Statistics Netherlands, Global Reporting Initiative, and The Sustainability Consortium have released a report examining alignment of their (respective) national, company, and product level sustainable development (SD) metrics.
The report argues that continued alignment is undoubtedly desirable and makes several suggestions for achieving harmonisation between national, company and product SD metrics. It predicts that general movement towards alignment will accelerate in the short term, in line with the new post2015 SD process, but recognises that completion of a truly shared SD metric must be viewed as a long term goal as it inevitably requires “…a great deal of cooperation between the many stakeholders involved.”
The authors highlight two sides to the huge enthusiasm for measuring SD through metrics like Sustainable Development Indicators (SDIs), and both Economic Composite and Non-economic Composite Indicators. On the one hand, the excitement behind these measures has pushed the cause of SD forward, with a strengthening consensus amongst stakeholders on its importance to business and society and with activities like corporate responsibility reporting moving “…from a minority undertaking to a mainstream activity.” But at the same time, this momentum has led to a proliferation of incompatible metrics, with almost as many SDI or Economic Composite sets as there are reporters. Confusion reigns when it comes extracting a shared definition of SD from the various frameworks adopted by these individual actors.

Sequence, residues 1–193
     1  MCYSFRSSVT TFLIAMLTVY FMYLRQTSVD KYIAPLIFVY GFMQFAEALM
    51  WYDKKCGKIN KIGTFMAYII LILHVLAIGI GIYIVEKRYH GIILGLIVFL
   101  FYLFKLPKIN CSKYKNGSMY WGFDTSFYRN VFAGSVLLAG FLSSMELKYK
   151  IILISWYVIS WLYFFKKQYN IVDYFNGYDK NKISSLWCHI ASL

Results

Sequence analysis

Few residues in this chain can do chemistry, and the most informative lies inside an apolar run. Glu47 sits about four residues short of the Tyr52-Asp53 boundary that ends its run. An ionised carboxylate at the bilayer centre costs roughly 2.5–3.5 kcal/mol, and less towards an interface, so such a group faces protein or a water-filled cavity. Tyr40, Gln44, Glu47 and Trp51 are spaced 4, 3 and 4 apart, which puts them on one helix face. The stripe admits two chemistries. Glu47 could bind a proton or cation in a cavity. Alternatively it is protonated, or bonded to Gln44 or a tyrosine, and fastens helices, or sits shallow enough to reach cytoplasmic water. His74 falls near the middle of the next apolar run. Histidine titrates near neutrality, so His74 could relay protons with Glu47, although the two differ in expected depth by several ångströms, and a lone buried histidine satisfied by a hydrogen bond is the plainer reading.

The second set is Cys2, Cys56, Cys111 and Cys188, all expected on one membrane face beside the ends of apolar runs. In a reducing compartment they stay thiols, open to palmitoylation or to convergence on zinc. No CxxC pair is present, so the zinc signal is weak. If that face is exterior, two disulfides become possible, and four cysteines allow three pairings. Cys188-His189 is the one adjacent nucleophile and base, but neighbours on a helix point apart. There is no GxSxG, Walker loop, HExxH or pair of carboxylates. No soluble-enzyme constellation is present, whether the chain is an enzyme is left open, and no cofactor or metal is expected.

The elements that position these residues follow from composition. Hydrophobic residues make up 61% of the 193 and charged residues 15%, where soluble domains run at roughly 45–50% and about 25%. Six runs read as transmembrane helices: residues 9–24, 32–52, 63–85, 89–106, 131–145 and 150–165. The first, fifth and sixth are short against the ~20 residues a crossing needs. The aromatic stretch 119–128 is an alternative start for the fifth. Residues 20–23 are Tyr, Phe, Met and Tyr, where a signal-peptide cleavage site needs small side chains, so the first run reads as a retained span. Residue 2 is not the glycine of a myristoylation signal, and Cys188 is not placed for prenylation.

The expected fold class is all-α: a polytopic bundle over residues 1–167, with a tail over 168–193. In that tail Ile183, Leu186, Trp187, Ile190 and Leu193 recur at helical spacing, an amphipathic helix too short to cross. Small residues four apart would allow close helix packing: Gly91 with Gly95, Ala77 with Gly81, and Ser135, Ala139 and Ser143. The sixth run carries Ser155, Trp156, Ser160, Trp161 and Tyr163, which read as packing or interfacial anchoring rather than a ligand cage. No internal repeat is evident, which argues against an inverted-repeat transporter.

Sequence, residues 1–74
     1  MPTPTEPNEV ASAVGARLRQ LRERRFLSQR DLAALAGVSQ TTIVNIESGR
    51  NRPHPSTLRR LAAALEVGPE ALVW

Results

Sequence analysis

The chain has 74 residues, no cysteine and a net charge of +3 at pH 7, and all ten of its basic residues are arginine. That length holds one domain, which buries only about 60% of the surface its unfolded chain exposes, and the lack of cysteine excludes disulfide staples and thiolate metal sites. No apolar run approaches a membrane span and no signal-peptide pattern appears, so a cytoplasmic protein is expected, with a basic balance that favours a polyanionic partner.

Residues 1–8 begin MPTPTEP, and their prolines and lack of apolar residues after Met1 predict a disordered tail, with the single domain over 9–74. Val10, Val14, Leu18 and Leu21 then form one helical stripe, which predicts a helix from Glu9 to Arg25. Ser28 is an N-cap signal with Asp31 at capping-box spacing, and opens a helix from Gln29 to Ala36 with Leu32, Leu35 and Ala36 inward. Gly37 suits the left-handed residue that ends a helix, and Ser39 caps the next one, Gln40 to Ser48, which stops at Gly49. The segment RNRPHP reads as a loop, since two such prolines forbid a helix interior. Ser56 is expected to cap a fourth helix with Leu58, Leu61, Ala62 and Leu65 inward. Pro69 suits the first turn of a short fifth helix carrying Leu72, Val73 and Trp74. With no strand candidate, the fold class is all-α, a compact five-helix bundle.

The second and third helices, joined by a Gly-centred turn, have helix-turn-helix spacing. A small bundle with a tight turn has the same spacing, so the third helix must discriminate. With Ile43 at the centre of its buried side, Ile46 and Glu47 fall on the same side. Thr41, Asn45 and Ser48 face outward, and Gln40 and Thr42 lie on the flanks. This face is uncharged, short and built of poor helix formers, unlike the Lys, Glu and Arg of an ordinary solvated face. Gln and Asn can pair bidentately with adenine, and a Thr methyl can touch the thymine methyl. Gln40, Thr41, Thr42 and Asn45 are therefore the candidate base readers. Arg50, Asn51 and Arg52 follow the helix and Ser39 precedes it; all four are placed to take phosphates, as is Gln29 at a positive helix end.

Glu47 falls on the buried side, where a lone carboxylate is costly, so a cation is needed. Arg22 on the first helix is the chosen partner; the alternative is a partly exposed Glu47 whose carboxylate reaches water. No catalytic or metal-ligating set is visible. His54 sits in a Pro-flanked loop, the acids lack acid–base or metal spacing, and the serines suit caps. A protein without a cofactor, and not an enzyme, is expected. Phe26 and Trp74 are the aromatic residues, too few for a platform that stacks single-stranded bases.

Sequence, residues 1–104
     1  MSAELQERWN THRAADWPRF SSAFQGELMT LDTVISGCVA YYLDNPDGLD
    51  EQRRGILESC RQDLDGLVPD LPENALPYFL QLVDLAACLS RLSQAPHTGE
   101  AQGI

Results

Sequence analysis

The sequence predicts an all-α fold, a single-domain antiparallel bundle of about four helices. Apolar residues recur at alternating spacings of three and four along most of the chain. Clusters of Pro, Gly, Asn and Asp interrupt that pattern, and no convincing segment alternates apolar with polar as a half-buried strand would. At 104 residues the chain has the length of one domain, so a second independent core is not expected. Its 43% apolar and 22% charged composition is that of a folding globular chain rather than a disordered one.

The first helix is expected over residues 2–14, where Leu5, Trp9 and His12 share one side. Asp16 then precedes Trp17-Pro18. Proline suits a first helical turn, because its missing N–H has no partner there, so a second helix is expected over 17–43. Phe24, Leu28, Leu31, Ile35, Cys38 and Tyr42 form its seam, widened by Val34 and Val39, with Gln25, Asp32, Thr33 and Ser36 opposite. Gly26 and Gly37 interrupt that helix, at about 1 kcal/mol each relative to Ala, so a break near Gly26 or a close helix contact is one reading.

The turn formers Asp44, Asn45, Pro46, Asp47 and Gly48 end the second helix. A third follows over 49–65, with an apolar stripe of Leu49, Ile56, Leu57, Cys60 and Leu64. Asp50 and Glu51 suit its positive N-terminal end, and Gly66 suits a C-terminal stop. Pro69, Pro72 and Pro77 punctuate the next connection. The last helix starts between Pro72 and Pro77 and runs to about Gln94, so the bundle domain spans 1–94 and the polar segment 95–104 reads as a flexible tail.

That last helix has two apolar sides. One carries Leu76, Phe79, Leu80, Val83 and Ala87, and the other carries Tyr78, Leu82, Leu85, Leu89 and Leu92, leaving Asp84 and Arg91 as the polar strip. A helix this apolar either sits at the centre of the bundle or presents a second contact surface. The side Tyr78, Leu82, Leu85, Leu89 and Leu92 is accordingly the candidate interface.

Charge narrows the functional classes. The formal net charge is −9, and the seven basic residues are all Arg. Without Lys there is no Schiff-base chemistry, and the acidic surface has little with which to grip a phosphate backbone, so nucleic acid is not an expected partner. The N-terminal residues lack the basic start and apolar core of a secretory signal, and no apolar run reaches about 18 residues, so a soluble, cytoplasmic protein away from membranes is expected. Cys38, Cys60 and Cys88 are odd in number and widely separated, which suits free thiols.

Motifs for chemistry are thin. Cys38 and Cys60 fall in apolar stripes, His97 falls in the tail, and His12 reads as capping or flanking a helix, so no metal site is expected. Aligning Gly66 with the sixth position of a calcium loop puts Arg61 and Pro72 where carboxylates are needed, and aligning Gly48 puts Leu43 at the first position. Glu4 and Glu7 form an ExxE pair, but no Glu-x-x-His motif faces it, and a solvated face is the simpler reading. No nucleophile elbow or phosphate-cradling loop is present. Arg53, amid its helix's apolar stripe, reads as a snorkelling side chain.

Central to the report is the importance of recognising the direct trade-off between ‘materiality’ and ‘comparability’ in a given measurement framework. Materiality – the idea that all SD relevant material should be included in the measurement framework – is in direct conflict with the potential for comparability between the framework’s targets; be they nations, companies or products.
“The more differentiation there is in the measurement system, the less comparable things become. At the national level, [international] comparability is very important, while at the product and company level, the differentiation is crucial.”
Products/companies are much more heterogeneous than nations, meaning that for them there is a wider variety of SD relevant material to track and there will always be some indicators not relevant to a given product/company. The diversity of companies/products and similarity of nations implies core methodological differences for each framework and represents a limit on the possibility for, and advisability of, complete harmonisation.
To conclude, the report argues that alignment and harmonisation between framework levels is crucial, but there is a limit. Identical systems will not be practical as there are “…perfectly legitimate reasons why some indicators are relevant (material) at one level and not at the other.” The process will be a long term one and institutional sponsors, as well as the large network of partners available through the MWM project, must be utilised. Momentum is currently behind the post2015 SD process, and this must be harnessed to make the successive small steps toward unified SD metrics.